In this invention two methods or techniques of correcting time base error are disclosed. One consists of an electro-mechanical servo system where the horizontal synchronizing signal taken from the video tape is locked to a reference frequency. This technique provides for taking the total video signal as recorded on the tape, passing it through a circuit (a sync stripper) to isolate the horizontal synchronize pulses from the balance of the signal and then passing this signal into a phase-detecting circuit. This phase-detecting circuit compares the horizontal synchronizing signal from the tape with a reference signal, and depending on the phase of the compared signal, the motor drive of the tape is increased in velocity or decreased in velocity in order to correct for the time base error. A second technique involves taking the video signal from the tape, passing it through an electronic delay line such as a bucket brigade, then stripping the horizontal synchronizing pulse from the video information by a sync stripper and again passing this into a phase detecting circuit. This signal is compared with a reference signal, and the difference in phase generates a voltage which is fed to a voltage controlled oscillator. The output of the voltage controlled oscillator controls the operation of the bucket brigade to either slow down or speed up the transition of the bucket brigade by the video signal.
An object of this invention is to provide circuit arrangements affording compensation for time base error in a video tape recorder system which uses only one magnetic transducer head.
A further object of the invention is to correct for all time base error so as to maintain a more stable picture during playback than other non-professional video recorders while maintaining the cost of the system at an advantageous level.
Other objects of the invention will be obvious to those skilled in the art from the description of the preferred embodiments.
FIG. 1 is an electro-mechanical method of reducing time base error.
FIG. 2 is an electronic time base error correction circuit using a bucket brigade.
FIG. 3 is an embodiment of the invention using both electro-mechanical and electronic time base error reducing means.
FIG. 4 is an embodiment using both electro-mechanical and electronic means of reducing time base error but with fewer components.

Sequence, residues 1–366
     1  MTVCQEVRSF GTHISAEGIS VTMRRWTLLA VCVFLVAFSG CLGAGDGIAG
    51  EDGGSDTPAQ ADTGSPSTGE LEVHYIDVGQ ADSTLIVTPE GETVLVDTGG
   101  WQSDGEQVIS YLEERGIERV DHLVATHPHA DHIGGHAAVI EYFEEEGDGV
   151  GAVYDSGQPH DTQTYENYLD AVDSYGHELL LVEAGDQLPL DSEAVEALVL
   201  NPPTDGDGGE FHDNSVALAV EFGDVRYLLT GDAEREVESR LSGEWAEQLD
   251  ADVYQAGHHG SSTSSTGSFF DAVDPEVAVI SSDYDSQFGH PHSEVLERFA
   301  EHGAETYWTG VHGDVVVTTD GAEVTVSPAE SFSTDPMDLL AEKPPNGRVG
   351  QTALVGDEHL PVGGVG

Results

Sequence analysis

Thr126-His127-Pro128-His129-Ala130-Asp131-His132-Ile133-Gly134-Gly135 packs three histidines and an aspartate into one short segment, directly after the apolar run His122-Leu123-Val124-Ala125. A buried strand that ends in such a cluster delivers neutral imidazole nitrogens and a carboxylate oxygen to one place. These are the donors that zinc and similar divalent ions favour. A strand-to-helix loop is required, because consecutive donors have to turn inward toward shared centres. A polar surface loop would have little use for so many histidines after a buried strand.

FIG. 5 is an additional embodiment using both electro-mechanical and electronic means of reducing time base error but with greater stability.
FIG. 6 is a chart showing the various signals occurring in FIGS. 1 through 4 aligned with respect to the time axis. The magnitudes of these signals are not to scale. Time base error is represented by the phase difference between the various signals and their respective reference signal.
As shown in FIG. 1, the motor 101 drives the magnetic tape past transducer 102 resulting in the pick up of video signal 103. This video signal is modified by the signal electronics 104 and passed to the video receiver as signal 105. It also is passed to the sync stripper 106 where the horizontal synchronizing pulses are separated from the balance of the video information. This results in an output from sync stripper 106 of only the horizontal synchronizing pulses 107 which is then passed to a phase detector 108. A reference signal 109 from, for example, a crystal controlled oscillator, is also introduced into the phase detector 108. These two signals are compared by the phase detector 108 and a difference signal is supplied to the frequency compensation and amplifier network 110. This circuit 110 controls motor 101. If the phase of the horizontal synchronizing pulses 107 leads the phase of the reference pulses 109 the motor would be reduced in speed to compensate for this difference. If, on the other hand, the phase of the pulses 107 lags the reference pulses 109 the angular velocity of the motor 101 would increase to correct for the phase difference and reduce it to zero. This results in the reduction of time base error having frequencies within the bandwidth of the servo system (i.e., in the present system, time base error having a frequency of zero to 80 Hz). Where time base error frequency is outside the electro-mechanical servo bandwidth, e.g., in the range of 80 to 2500 Hz, it is advantageous to utilize another embodiment of this invention. That embodiment is the electronic delay circuit shown in FIG. 2.